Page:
CHEWING GUM BASES Certain of the compositions according to the invention have exceptional utility as chewing gum. bases. For this reason, an elaboration on the specific aspects of the invention as applied to chewing gum bases will be of advantage and will also serve to indicate how the plastic compositions in general may be modified by the variation of the mixtures and amounts of the con- RISIN Polyvinyl acetates are especially useful bodies in chewing gum bases. They are capable of being plasticized by water and the introduction of this water is hastened 'by the use of soluble sugars and/or conditioning agents such as for instance, propylene glycol or glycerine. Polyvinyl acetates are made in low viscosity grades which become chewable when plasticized in this manner. They do not decompose or depolymerize readily, that is, under the conditions of mixing the chewing gum base, they. are free from offensive taste or the danger of forming toxic substances during manufacture. They are themselves tasteless, clean and pure. They may be used with a number of readily available non-toxic They are obtainable in different viscosity grades making it possible to fit the requirements of the individual manufacturers as regards chewability by onlychanging the grade of polyvinyl acetate used in the formula. They are made from readily available domestic materials, they are not subject to customs duty anderal, diflerent viscosities of these resins may be employed so as to achieve a variety of results as regards the placticity of the finished composition.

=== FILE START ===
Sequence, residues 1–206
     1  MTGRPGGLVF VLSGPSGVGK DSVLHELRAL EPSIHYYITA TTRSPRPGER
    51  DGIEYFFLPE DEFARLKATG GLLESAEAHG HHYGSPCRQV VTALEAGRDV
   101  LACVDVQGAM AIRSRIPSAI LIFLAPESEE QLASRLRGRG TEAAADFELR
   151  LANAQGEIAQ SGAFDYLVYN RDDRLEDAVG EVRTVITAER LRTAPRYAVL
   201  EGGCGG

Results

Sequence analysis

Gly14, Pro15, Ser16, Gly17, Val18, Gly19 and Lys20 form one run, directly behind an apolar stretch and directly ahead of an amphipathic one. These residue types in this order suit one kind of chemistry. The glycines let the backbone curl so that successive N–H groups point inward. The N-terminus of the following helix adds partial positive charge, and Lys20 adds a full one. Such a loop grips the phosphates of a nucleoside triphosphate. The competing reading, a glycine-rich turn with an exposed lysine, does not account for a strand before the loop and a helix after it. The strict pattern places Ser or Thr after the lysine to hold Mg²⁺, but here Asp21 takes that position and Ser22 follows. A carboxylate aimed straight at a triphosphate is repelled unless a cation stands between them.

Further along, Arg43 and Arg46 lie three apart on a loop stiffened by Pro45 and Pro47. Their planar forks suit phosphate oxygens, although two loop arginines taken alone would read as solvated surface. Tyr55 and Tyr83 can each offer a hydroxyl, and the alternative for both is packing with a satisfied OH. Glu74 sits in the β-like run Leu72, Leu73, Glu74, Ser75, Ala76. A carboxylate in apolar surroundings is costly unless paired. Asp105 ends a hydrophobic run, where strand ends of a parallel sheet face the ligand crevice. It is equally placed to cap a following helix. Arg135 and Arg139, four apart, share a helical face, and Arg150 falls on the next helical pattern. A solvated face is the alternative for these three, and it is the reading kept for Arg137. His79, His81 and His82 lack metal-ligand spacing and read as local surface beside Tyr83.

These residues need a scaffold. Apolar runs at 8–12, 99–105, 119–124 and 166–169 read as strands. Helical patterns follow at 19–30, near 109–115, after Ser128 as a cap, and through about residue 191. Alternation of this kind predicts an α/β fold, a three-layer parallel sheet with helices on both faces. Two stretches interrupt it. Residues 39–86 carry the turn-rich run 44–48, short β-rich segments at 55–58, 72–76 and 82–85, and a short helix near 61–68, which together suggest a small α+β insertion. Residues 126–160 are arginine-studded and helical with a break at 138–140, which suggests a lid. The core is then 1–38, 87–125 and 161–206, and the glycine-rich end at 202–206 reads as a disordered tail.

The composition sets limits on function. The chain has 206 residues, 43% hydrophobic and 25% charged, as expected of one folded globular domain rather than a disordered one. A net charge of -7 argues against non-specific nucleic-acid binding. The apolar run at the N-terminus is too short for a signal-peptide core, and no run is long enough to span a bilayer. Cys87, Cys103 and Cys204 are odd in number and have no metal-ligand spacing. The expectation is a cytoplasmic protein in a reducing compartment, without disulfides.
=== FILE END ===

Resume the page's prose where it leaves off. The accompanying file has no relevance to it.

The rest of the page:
The available range is somewhat more critical as applied to chewing gum base use'which embraces suchsubtle characteristicsas chewability,

: texture, life, pull, flavour retention and others. The applicanthas found it preferable to use for chewing gum, bases polyvinyl acetate of viscosities ranging from about 1.5 centipoises to about 10 centipoises. The lowest viscosities when suitably blended with wax according to the teachings of this invention, form a good base with substantially a minimum plasticizer content. When resinsor higher viscosities are-used the compositions become tougher and it is essential to adJust them by using more plasticizer.

For chewing gum bases, the concentration of polyvinyl acetate in the mix may vary considerably. In general, it may range between about 10% and about 40% byweight and even up to about 60%, especially with the lowest viscosity resins, but is preferably between about 25% and about 35% by weight. This concentration is, of course, influenced by; the viscosity of the particular resin employed, the results desired in terms of the physical characteristics of the end product, the nature and amounts of other agents present, and so on. For one instance, as the plasticizer is increased the percentage of all other components drops. Generally, when the amount 5 of. polyvinyl acetate is increased there must be a proportionate increase in plasticizer, in order to maintain a similar chew. Accordingly, good bases may be obtained when using relatively high viscosity polyvinyl acetates by increasing the amount of plasticizer or by reducing the amount of polyvinyl acetate, the other constituents being unchanged in amount. In a standard mix using 7 centipoise polyvinyl acetate and where only the amount of polyvinyl acetate is varied: at around 34 parts polyvinyl acetate the baseis tough to chew, the pull is fair and the elasticity is considerable, but as the resin content is dropped, the chew becomes progressively softer, the pull becomes longer and the elasticity decreases so that at around 10 parts the chew is quite soft, the pull very long and the elasticity has practically disappeared.